Employers Are Forbidden From Making Employment Decisions Based On Age Stereotypes
The Age Discrimination in Employment Act (ADEA), which is federal law, and the Florida Civil Rights Act, which is Florida law, forbid employers from making employment decisions on the basis of age stereotypes. As explained by the U.S. Supreme Court in Hazen Paper Co. v. Biggins, 507 U.S. 613 (1993), “Congress’ promulgation of the ADEA was prompted by its concern that older workers were being deprived of employment on the basis of inaccurate and stigmatizing stereotypes.” Stigmatizing stereotypes, as the Supreme Court observed in EEOC v. Wyoming, 460 U.S. 226 (1983), that were “unsupported by objective fact” because “the available empirical evidence demonstrated that . . . as an overall matter, the performance of older workers was at least as good as that of younger workers.” A recent case filed by the U.S. Equal Employment Opportunity Commission (EEOC) in the U.S. District Court for the Eastern District of Kentucky, EEOC v. Rental Pro, illustrates what Congress wanted to forbid in enacting the ADEA.
In that case, the EEOC brought an age discrimination claim on behalf of Ronald Johnson (Johnson) under the ADEA asserting that Rental Pro fired Johnson because of his age. The EEOC alleged that Rental Pro’s owner told a store supervisor to fire Johnson and to look for someone “younger and peppier.” The EEOC further alleged that the owner stated he wanted to bring “young blood” into the company and Rental Pro hired a younger employee after Johnson’s termination.
In a Consent Decree, which was signed by U.S. District Judge Gregory Van Tatenhove on January 21, 2016, Rental Pro agreed to pay Johnson $37,000 to resolve the case. Rental Pro also agreed to provide on-going training to all management and supervisory employees, including ownership, regarding age discrimination and retaliation. Rental Pro was also required to notify the EEOC, for a period covering three years, of all complaints made by any Rental Pro employees alleging age discrimination, including the nature of the complaint and any corrective action taken regarding the complaint. The EEOC further compelled Rental Pro to take actions to prevent any retaliation against Johnson for participating in the age discrimination lawsuit. If contacted by any prospective employer of Johnson, Rental Pro was required to provide the prospective employer with a neutral letter of reference and was prohibited from making an reference to Johnson’s termination or his participation in the age discrimination lawsuit.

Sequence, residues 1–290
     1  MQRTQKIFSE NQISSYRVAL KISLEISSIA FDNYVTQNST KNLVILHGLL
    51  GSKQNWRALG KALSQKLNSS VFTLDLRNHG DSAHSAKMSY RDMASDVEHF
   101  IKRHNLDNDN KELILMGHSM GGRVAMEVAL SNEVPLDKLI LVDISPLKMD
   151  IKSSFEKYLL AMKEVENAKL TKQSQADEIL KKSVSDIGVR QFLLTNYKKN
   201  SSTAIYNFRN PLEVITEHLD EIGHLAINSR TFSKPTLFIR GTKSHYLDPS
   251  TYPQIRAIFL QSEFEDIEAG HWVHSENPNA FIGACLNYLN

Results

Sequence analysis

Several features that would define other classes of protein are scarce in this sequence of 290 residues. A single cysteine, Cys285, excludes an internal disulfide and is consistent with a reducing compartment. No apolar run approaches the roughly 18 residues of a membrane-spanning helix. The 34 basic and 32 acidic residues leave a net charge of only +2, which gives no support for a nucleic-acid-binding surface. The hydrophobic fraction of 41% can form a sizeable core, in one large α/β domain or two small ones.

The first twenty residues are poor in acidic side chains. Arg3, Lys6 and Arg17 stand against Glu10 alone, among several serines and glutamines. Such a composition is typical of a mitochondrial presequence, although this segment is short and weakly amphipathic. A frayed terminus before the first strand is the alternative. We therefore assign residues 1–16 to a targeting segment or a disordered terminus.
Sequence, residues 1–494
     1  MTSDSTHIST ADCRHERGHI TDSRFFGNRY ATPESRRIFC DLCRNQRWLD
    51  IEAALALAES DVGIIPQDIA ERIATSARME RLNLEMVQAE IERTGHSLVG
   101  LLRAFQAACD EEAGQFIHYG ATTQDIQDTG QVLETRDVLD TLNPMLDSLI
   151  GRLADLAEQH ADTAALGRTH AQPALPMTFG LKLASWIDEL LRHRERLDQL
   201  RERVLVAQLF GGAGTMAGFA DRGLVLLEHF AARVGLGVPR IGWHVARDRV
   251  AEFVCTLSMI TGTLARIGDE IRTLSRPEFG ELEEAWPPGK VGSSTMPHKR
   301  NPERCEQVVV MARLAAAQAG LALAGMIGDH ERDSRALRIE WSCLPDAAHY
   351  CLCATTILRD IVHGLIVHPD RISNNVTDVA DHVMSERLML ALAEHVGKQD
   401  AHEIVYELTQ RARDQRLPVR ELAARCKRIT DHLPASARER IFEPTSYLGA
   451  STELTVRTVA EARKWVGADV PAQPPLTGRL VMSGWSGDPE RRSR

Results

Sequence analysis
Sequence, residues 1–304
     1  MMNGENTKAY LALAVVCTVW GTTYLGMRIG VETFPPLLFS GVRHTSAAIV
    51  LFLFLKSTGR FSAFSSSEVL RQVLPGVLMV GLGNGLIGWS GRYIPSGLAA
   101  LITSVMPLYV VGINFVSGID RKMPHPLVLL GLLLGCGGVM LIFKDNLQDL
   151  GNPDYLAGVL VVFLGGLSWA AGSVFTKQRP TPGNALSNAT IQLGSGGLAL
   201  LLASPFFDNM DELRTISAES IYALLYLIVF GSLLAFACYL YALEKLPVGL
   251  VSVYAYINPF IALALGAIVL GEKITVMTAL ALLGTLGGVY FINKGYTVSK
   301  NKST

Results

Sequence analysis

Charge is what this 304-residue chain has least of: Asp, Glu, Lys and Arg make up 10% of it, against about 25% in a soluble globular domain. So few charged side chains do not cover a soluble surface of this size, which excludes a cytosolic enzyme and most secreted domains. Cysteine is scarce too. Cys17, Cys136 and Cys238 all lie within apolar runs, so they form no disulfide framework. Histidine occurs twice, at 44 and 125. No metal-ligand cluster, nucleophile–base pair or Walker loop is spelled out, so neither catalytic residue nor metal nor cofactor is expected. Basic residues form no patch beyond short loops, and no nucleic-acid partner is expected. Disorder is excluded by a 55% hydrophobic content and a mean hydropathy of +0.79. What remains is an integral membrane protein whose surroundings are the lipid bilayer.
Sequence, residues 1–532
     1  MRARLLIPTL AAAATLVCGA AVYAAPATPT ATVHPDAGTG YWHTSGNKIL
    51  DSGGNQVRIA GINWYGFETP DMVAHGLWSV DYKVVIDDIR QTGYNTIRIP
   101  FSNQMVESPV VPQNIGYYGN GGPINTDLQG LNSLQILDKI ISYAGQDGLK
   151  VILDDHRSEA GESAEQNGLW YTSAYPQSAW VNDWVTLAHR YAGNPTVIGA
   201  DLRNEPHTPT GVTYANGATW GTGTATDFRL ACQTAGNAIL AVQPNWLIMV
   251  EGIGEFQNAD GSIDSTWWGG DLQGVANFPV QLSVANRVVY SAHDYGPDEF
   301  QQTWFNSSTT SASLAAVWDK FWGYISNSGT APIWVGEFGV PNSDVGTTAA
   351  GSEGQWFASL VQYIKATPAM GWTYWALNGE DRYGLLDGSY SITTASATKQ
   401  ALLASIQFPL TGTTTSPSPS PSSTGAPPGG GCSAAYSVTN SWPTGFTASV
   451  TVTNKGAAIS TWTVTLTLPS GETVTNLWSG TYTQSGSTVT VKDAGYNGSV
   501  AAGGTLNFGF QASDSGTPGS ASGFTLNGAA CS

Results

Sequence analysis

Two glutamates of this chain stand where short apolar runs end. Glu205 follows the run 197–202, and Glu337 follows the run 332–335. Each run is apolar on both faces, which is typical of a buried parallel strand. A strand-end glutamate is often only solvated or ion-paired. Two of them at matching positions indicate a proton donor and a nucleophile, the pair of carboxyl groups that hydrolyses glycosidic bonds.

In the Rental Pro case, the EEOC had three related pieces of evidence it could use to prove that Johnson was fired because of his age. First, the owner’s alleged comments about wanting “younger and peppier” employees and wanting to bring “young blood” into the company reflect inaccurate and stigmatizing stereotypes about age. In fact, the purported remarks demonstrate a preference for younger employees and hostility towards older employees. Second, the purported discriminatory remarks were made by the person, the company owner, who made the decision to fire Johnson. Third, the alleged discriminatory remarks made by the owner related to the decision-making process regarding Johnson’s termination. Because the decision-maker allegedly made discriminatory remarks relating to the decision-making process, the purported remarks were sufficient, standing alone, to prove that Johnson’s age actually motivated the owner’s termination decision. In other words, if a jury believed that the owner made the discriminatory remarks, the EEOC would have proven that Johnson was fired because of his age.
We have extensive experience representing employees who have been the subjected to age discrimination and other types of discrimination in the workplace. If you have been subjected to age discrimination, or have any questions regarding age discrimination in the workplace, please contact our office for a free consultation.